June inflation. CPIF and CPIF excl. Energy at 2.2% and 1.4% y/y respectively were both 0.2pp below Riksbank. Despite widespread stories in the media that prices on charter packages have been plunging, SCB reported increases in foreign airline tickets and charter packages of 26-27% m/m! Electricity rose 5.5% m/m, while clothing dropped 5.2% m/m. The outcome was in line with our forecast, except for food which dropped more than expected, -0.7% mom (no apparent FX effect here). We note that services inflation continued to slow, services excl. housing dropped to 1.7% y/y. Overall services dropped to an even lower level, 1.5% y/y, its lowest since December 2015. Looking forward, we expect both headline and core CPIF to continue to undershoot Riksbank's forecasts. In particular, we see core inflation remaining below the Riksbank's 2% target over the entire forecast horizon.
Riksbank minutes. The main impression we have of the minutes is that discussion is concentrated on the importance of the underlying inflation trend (CPIF excl. Energy). This should not come as a surprise given the wording in the Monetary Report, but it still demonstrates that the majority of the board is dissatisfied with underlying inflation, mainly services inflation, and will tread carefully unless the trend starts to reverse. The majority stresses the importance of underlying inflation in order to retain headline inflation at target going forward (when the effects of energy and the weak SEK abate). This is demonstrated by how Af Jochnick argues: ‘...it is reasonable for us to try to see through temporary effects from energy prices in our monetary policy deliberations in order to focus on the level of trend inflation instead'. Jansson is referring to services inflation: ‘...the present rate of increase in services' prices is not sufficiently strong for the Riksbank to be able to stabilise inflation close to the target going forward'. Ingves and Skingsley seems to argue in a similar way. Hence, services inflation will be crucial going forward. On the other hand, Flodén has become less concerned, at least in the short term, and is open to a rate hike sooner than suggested by the trend in underlying inflation. The weaker SEK and higher energy prices, he argues, have made it possible to steer away from negative rates faster, and by Q3 in 2019 he sees the rate trajectory back on the current repo path.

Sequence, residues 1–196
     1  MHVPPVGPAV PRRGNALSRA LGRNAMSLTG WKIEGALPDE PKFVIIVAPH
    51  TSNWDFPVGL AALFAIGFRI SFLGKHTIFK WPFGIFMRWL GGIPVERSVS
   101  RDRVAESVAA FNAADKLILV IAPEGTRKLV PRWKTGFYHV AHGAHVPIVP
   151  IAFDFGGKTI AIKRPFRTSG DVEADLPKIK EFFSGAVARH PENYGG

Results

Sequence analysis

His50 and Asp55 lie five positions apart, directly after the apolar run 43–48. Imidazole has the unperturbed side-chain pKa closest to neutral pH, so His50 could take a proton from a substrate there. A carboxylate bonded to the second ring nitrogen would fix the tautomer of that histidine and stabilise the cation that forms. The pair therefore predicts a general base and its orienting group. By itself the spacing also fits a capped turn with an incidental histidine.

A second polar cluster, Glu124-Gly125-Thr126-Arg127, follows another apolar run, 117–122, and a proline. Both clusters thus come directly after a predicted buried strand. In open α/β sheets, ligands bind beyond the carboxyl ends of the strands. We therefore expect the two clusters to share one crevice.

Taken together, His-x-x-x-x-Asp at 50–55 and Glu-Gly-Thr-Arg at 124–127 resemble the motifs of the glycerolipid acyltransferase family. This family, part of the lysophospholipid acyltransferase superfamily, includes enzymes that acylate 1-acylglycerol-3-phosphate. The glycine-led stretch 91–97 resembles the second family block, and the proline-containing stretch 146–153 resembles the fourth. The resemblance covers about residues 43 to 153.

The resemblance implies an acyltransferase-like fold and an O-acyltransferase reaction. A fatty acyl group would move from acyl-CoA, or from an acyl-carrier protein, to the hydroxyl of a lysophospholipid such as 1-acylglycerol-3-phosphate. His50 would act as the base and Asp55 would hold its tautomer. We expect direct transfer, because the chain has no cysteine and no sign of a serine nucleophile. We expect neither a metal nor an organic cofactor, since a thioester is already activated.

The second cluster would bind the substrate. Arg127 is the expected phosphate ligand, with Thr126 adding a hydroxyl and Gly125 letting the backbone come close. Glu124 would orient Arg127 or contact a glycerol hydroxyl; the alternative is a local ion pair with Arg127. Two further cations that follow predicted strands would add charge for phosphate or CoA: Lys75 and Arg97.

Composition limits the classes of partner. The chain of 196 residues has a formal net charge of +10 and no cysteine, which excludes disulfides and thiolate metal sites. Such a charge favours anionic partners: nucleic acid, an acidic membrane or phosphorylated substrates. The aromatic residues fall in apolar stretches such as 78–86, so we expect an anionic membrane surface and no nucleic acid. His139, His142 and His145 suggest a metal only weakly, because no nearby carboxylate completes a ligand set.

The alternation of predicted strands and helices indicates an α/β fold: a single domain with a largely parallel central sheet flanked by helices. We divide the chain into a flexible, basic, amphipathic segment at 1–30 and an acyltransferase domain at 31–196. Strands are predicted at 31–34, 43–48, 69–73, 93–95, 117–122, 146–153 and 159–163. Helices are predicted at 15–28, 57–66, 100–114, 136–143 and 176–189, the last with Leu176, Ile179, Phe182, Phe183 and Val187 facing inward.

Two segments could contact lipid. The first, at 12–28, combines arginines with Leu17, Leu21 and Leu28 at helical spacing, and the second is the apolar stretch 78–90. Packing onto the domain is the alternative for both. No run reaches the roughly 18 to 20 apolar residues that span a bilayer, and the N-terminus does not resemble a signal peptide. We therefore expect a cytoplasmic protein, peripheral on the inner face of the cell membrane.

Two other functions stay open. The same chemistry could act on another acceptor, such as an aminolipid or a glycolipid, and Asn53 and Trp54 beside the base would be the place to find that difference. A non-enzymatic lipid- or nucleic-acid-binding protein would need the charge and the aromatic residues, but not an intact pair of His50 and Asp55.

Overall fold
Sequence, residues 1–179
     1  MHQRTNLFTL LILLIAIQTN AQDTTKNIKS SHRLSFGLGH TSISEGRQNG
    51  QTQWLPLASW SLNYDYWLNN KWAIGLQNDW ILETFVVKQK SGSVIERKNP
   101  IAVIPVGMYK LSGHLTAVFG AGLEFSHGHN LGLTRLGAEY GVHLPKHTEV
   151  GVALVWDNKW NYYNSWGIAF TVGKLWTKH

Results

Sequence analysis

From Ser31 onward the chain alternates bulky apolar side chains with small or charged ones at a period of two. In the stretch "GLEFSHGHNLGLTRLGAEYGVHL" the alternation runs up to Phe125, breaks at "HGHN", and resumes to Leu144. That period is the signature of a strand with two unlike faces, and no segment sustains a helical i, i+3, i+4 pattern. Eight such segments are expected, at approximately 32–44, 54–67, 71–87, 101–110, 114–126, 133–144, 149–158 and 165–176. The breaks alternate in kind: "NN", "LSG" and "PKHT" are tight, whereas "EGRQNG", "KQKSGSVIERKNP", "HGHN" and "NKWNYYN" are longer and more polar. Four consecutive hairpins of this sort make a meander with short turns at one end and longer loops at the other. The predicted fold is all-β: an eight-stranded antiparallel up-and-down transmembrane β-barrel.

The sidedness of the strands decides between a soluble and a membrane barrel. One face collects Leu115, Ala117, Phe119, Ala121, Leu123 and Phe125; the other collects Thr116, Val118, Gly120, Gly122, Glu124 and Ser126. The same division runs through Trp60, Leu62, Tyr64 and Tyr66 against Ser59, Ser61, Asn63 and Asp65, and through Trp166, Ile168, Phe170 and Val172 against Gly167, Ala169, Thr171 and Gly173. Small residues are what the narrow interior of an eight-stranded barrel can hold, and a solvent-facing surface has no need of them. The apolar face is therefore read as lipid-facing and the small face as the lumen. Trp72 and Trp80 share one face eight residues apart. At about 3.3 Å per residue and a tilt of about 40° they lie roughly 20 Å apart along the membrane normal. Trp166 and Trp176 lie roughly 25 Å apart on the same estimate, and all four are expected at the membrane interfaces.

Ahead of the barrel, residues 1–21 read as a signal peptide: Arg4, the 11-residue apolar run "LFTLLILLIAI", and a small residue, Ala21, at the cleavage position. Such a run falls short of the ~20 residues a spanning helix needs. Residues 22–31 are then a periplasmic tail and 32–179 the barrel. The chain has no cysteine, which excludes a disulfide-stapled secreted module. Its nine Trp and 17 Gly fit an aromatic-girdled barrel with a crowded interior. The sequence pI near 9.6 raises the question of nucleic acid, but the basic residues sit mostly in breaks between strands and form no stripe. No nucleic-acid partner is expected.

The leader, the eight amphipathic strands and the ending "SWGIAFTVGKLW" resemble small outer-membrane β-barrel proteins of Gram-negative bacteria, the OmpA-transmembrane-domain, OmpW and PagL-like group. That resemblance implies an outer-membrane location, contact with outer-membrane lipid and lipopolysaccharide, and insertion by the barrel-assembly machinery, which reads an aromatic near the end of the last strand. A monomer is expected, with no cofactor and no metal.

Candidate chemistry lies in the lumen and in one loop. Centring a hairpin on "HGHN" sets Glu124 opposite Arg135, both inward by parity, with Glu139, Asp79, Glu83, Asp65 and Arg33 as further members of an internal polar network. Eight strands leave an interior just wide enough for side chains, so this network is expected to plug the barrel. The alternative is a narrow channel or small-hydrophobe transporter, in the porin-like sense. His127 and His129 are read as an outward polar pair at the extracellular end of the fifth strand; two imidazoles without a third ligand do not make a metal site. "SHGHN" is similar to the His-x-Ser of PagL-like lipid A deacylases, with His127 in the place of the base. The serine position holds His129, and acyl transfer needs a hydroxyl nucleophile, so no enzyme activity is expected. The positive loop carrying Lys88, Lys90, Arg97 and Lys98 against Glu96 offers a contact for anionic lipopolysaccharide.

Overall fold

Conclusion. Based on the inflation data and the Riksbank board's discussion, we believe it is reasonable to stick to our base scenario where we only see a slim chance of a rate hike this year. There is disappointment among the majority of the board at the decline in services inflation. The Riksbank is aware that unless services price inflation starts to pick-up, its inflation outlook for 2019 will most likely prove too optimistic.
Pricing. As the majority of the board seems determined to make sure CPIF meets its target by focusing on underlying inflation, the move higher in rates after the announcement last week seems to us to have been too hasty.
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